Lindsey Graham: We Need Watergate-Type Committee to Investigate Benghazi; Petraeus Must Testify

November 11, 2012 - 3:03 PM

Sen. Lindsey Graham

Sen. Lindsey Graham (R.-S.C.)

(CNSNews.com) - Sen. Lindsey Graham, a member of the Senate Armed Services Committee, said Sunday that Congress should form a new special committee, like it did during the Watergate and Iran-Contra scandals, to investigate what happened before, during and after the Sept. 11, 2012 terrorist attack on the U.S. consulate in Benghazi, Libya.

Graham also insisted that Gen David Petraeus, who resigned this week because he had been engaged in an extramarital affair, must testify in Congress about Benghazi.

Graham was responding to a question from host Bob Schieffer of CBS News’s Face the Nation who had asked the senator whether Congress should investigate Petraeus’s affair and how it was handled by the administration.

“Well, if there is no effect of the affair on national security, I think we need to move on,” said Graham. “But at the end of the day the one thing that has to happen in my view is we have to get to the bottom of Benghazi. I hate what happened to Gen. Petraeus for his family and the families of those involved. But we have four dead Americans in Benghazi. We have a national security failure long in the making.

“I don’t see how in the world you can find out what happened in Benghazi before during and after the attack if Gen. Petraeus doesn’t testify,” said Graham.  “So, from my point of view, it is absolutely essential that he give testimony before the Congress so we can figure out Benghazi.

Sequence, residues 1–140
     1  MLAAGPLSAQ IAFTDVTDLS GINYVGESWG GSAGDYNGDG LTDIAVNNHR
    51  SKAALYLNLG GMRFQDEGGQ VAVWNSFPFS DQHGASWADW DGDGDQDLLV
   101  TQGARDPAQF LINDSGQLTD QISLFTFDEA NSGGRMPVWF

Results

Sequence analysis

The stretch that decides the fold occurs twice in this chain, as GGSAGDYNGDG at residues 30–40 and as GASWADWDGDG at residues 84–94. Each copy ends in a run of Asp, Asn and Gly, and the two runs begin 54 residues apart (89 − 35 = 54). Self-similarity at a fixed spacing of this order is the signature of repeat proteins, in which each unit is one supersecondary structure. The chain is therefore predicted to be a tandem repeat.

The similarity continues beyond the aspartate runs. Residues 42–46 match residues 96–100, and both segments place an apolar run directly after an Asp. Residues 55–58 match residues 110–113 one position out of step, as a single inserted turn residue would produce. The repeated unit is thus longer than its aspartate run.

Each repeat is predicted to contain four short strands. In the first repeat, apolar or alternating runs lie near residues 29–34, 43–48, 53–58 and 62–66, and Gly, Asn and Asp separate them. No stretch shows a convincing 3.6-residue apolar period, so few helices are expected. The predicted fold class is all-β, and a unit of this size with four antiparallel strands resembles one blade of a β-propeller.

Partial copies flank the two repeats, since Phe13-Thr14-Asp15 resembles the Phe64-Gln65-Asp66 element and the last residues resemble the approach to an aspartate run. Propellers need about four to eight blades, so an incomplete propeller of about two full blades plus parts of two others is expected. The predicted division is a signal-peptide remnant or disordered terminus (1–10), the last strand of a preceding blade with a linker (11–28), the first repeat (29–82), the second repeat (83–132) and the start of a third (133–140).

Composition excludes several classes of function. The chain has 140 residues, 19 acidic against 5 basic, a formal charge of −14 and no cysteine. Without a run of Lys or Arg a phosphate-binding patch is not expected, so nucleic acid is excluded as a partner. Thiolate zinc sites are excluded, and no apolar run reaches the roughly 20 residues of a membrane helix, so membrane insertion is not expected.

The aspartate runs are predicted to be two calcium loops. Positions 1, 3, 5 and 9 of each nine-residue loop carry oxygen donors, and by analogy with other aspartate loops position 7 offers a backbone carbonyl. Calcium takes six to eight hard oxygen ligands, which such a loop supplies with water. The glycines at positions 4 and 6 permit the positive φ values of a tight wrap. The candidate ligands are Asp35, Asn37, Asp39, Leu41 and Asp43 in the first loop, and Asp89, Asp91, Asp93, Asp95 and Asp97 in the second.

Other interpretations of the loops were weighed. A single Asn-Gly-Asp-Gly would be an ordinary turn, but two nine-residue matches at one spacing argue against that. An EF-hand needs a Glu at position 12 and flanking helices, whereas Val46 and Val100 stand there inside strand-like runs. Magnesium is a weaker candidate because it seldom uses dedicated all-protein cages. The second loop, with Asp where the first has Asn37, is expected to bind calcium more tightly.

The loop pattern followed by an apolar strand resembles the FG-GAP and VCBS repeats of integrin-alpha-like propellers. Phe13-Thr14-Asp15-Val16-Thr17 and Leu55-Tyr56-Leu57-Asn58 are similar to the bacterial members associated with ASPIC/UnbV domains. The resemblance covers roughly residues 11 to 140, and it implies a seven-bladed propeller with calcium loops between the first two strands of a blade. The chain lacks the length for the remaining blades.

“And from the Congress’s point of view, instead of doing this in a stove pipe way, you have got the Department of Defense that needs to explain themselves, the intelligence community, God knows the State Department needs to answer for their behavior regarding Benghazi,” said Graham. “I would suggest that we have a joint select committee of House and Senate members and we do this together—not have three different committees going off in three different directions—so we can get to the bottom of it like we did in Watergate and Iran Contra. I think that would be smart for the Congress to combine resources.”

In 1973, after President Richard Nixon had been reelected in 1972, the Senate formed a special committee chaired by Democratic Sen. Sam Ervin of North Carolina to investigate the break-in at the Democratic National Committee offices at the Watergate in Washington, D.C. In 1987, during the Iran-Contra scandal, the House and Senate formed a joint committee to investigate the Reagan administration’s covert arm sales to Iran. President Nixon eventually resigned over the Watergate scandal. Presidents Nixon and Reagan were both Republicans.